25 Jan COMPREHENSIVE APPROACH NEEDED WHEN CHANGING LAWS
I fully welcome and support the announcement by Law Minister Datuk Liew Vui Keong that the Government is looking to enact, amend and repeal 113 laws, that Civil Society Organisations (CSOs) have long been advocating for. The announcement is good news and shows that the Government, nine months after sweeping power in the 14th General Election is still very much committed towards initiating reforms.
It is important that the Government use this opportunity to take a comprehensive approach towards changing the laws to ensure our institutions are no longer open to corrupt practices and abuse of powers.
For six decades, many of our key institutions have been deteriorating and some are now left in a state where they are unable to carry out their most basic functions and in some cases present a barrier towards Malaysia’s progress. This is a threat to the future of our nation and must be addressed immediately.
We must complement law reform by building strong institutions with clear principles on governance, people’s participation and human rights. This is the very essence of the reform agenda as promised by Pakatan Harapan.
Law reforms and resilient institutions that promote accountability, transparency and respect for human rights are necessary. Amending detention laws must be complemented with reform in the police force so as to deal with detainees fairly and justly. The 2005 Royal Commission to Enhance the Operation and Management of the Royal Malaysia Police made strong recommendations to establish an Independent Police Complaints and Misconduct Commission (IPCMC) as well as to “institute reforms in police doctrine, function, organisation, management system, legislations pertaining to areas that fall within police responsibilities and work processes.” They also sought to improve the working and living conditions of police personnel.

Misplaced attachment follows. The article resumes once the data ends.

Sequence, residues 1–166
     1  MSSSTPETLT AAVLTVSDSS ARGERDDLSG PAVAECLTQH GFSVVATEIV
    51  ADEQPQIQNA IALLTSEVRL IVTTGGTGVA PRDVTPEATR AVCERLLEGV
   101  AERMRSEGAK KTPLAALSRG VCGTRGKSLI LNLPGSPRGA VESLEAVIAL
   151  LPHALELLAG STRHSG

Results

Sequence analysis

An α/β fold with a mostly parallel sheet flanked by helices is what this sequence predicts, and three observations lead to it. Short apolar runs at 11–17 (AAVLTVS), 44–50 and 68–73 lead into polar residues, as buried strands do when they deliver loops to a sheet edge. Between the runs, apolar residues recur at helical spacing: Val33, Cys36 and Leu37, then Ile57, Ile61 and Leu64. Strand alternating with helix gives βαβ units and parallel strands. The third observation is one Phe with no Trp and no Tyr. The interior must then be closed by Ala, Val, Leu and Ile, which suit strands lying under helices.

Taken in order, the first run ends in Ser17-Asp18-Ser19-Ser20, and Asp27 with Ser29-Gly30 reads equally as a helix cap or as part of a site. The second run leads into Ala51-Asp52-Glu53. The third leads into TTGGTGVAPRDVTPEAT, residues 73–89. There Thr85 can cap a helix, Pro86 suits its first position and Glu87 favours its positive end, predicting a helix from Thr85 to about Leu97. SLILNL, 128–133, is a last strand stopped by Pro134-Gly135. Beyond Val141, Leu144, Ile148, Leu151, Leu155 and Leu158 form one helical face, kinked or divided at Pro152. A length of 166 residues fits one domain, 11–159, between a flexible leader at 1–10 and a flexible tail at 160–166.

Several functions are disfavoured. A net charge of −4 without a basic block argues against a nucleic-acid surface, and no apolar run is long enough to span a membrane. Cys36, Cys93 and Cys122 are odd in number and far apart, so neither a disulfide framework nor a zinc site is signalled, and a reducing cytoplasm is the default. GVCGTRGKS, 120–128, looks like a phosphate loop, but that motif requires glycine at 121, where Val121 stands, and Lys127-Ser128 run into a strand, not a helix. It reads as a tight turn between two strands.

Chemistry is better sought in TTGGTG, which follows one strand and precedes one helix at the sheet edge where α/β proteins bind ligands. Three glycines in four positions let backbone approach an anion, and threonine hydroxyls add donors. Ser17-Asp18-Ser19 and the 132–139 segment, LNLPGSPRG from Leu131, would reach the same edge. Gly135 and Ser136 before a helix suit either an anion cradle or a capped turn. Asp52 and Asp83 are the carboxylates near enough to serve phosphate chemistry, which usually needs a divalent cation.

Prison reform is long overdue and reforms must have better approaches toward retribution, incapacitation, deterrence and rehabilitation for prisoners. This will set higher standards in the treatment of prisoners as there have been too many recorded instances of abuses within our prisons and police lockups. Many prisoners end up trapped in a life of crime and are unable to break away from it upon their release back into society.
Our legislative reform must also focus on public awareness through education and institutionalising mechanisms that allow for check and balance on the implementation and to include public and CSOs’ engagement with the Government.
A clear roadmap with clear a timeframe on the implementation of these laws and the strengthening of institutions is needed.
Maria Chin Abdullah
25 January 2019